That and other findings about ways to reduce deaths in the opioid epidemic come from a special commission that included former drug users, two mayors, doctors, law enforcement and legal experts, as well as state government appointees.State Rep. Jeff Roy said he didn't support the highly controversial idea of supervised consumption sites when he joined the commission last year. But he told himself to keep an open mind. He visited a cluster of clinics and drop-in centers in the South End of Boston and walked sidewalks often packed with drug users.
"It brought home the humanity of what's involved in harm reduction," Roy said. "There are real people out there who need our compassion, and who need our commitment and who need our understanding."
Roy said research and testimony the commission collected will help persuade state lawmakers to allow one or more pilot supervised drug use sites. The main reason is that doing so would save lives. No one has died after an overdose in any such clinics in Canada, including one that has been open since 2003.
Many mothers, fathers and siblings who have lost someone during the opioid epidemic in Massachusetts are praising the commission's recommendation.
Susan McLean's son died three years ago. Her sister died last year. Both died alone. McLean, from Falmouth, said supervised consumption sites send the message that drug users don't have to hide.
"Addiction is a disease," McLean said. "Shaming, blaming and pushing people to the margins won't help. We need to bring [the disease] into the light, into the sunshine."Others who work with people who use drugs have been concerned supervised consumption sites offer a respite that will make it easier to avoid treatment.
"I don't want anyone to overdose and die," said Cynthia Goldberg, who directs a re-entry program called the F8 Foundation. "Yet the most success is when I see a client say, 'I simply can't live like this anymore; I need help.' I'm not so sure they're going to ask for help in those sites."
Commission members stressed that treatment is not the primary goal of supervised consumption sites. Research shows the sites may be a path to treatment. But the goal of these places is to reverse an overdose, which with fentanyl, can shut down the respiratory system in less than a minute.
"I'd much rather focus on stuff that we can do and are doing rather than on something that the feds have made very clear they're not going to permit us to do," Baker said a few hours before the commission debated its recommendation.
Baker was referring to clear warnings from Massachusetts U.S. Attorney Andrew Lelling, who told WBUR in January that he would use federal civil law to block the opening of a supervised consumption site and criminal laws to prosecute the organizers and seize property.
"My constitutional role is to enforce federal law," Lelling said, adding he sees the supervised consumption approach as an acknowledgement of defeat. "I think it normalizes drug use, and I don't think we should be or need to be doing that."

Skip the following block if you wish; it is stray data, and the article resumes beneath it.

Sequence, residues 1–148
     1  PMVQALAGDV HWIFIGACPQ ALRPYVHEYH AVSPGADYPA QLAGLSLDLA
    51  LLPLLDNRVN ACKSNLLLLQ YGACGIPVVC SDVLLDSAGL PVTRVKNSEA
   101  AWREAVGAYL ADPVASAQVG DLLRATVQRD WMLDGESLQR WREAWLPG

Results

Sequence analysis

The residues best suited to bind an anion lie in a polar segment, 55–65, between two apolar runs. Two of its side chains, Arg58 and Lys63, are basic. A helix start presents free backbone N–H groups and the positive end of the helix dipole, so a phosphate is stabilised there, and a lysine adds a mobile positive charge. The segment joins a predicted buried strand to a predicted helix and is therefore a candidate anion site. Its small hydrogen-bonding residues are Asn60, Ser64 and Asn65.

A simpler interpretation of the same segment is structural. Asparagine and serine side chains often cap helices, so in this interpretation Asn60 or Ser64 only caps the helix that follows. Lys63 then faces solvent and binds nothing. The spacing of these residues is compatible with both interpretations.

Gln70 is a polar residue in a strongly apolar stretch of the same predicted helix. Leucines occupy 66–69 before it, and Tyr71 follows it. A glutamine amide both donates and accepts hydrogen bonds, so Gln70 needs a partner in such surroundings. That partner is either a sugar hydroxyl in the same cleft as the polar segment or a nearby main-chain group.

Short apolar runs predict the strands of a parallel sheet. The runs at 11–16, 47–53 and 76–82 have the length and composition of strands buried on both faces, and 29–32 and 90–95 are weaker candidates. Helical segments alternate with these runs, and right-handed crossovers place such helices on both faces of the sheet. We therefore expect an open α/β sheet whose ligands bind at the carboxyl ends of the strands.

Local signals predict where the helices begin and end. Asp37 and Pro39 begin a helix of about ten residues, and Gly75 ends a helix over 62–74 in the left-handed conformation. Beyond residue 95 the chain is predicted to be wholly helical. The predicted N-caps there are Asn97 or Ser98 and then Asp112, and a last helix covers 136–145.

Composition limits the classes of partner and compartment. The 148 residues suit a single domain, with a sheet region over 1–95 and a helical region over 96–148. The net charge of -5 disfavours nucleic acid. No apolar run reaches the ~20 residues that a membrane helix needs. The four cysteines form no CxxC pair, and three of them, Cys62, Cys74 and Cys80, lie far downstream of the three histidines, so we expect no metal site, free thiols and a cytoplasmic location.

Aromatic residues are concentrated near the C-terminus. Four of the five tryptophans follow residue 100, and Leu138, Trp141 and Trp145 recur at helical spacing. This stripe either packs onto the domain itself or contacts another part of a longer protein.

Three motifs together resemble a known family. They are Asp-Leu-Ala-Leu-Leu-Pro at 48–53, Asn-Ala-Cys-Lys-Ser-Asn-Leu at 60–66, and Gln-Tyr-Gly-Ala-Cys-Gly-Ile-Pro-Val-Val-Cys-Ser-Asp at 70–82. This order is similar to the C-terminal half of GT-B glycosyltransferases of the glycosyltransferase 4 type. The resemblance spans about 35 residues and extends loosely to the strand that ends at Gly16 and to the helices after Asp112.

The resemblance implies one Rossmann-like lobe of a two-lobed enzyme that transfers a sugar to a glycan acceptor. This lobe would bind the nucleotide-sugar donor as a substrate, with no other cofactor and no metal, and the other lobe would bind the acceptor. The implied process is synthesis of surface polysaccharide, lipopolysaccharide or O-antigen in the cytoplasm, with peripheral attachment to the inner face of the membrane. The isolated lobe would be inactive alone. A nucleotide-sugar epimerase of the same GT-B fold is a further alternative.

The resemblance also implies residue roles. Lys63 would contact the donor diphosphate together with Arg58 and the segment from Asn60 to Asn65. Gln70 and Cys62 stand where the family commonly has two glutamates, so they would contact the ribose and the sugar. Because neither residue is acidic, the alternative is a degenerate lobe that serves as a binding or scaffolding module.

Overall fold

A spokeswoman confirmed the commission recommendation would not affect Lelling's position. The commission report, due by March 1, is expected to acknowledge warnings from Lelling and other Department of Justice officials, but label them opinions that have not been tested in courts.
And some law enforcement officials in Massachusetts disagree with Lelling.
"I think it's time for the federal government to step back and say, 'let's let this go forward,' " said Northwestern District Attorney David Sullivan, who is based in Northampton. "If Massachusetts passes this legislation to enable pilots we have every right to take care of our citizens the way that we see fit."
Sullivan said he's persuaded that supervised consumption sites are a needed life preserver in the midst of the opioid crisis.
Some members of the Massachusetts Congressional delegation agree.
"We should follow the science and adopt it where it has been proven to be effective," said U.S. Senator Ed Markey, "not just here but across the country."
There's no indication federal law will be amended to accommodate supervised injection, and state legislative leaders have not made any predictions about the fate of bills that will build on the commission's recommendation.
Even if supervised consumption pilots are part of a package the Legislature passes, legislators suggest it would take two years to prepare a pilot.
State Sen. Cindy Friedman said many people aren't convinced that bringing illegal drug activity into a medical clinic is a legitimate way to fight drug use. Friedman supports the idea but said candidly that she still wrestles with it herself.
"I'm not necessarily comfortable with safe consumption sites, it doesn't exactly fit in with my repertoire," Friedman said after the commission meeting where she proposed the final language for the recommendation. "It isn't about me. It's about what is going to work to address this emergency."
The commission's report is expected to call for other tools to reduce the harm of the opioid epidemic in Massachusetts: more naloxone, more test strips to help drug users detect fentanyl, more recovery coaches and prevention programs. These and other tools are all also aimed at promoting more compassion for people who become addicted to drugs.
This report comes from the New England News Collaborative: Eight public media companies, including The Public's Radio, coming together to tell the story of a changing region, with support from the Corporation for Public Broadcasting.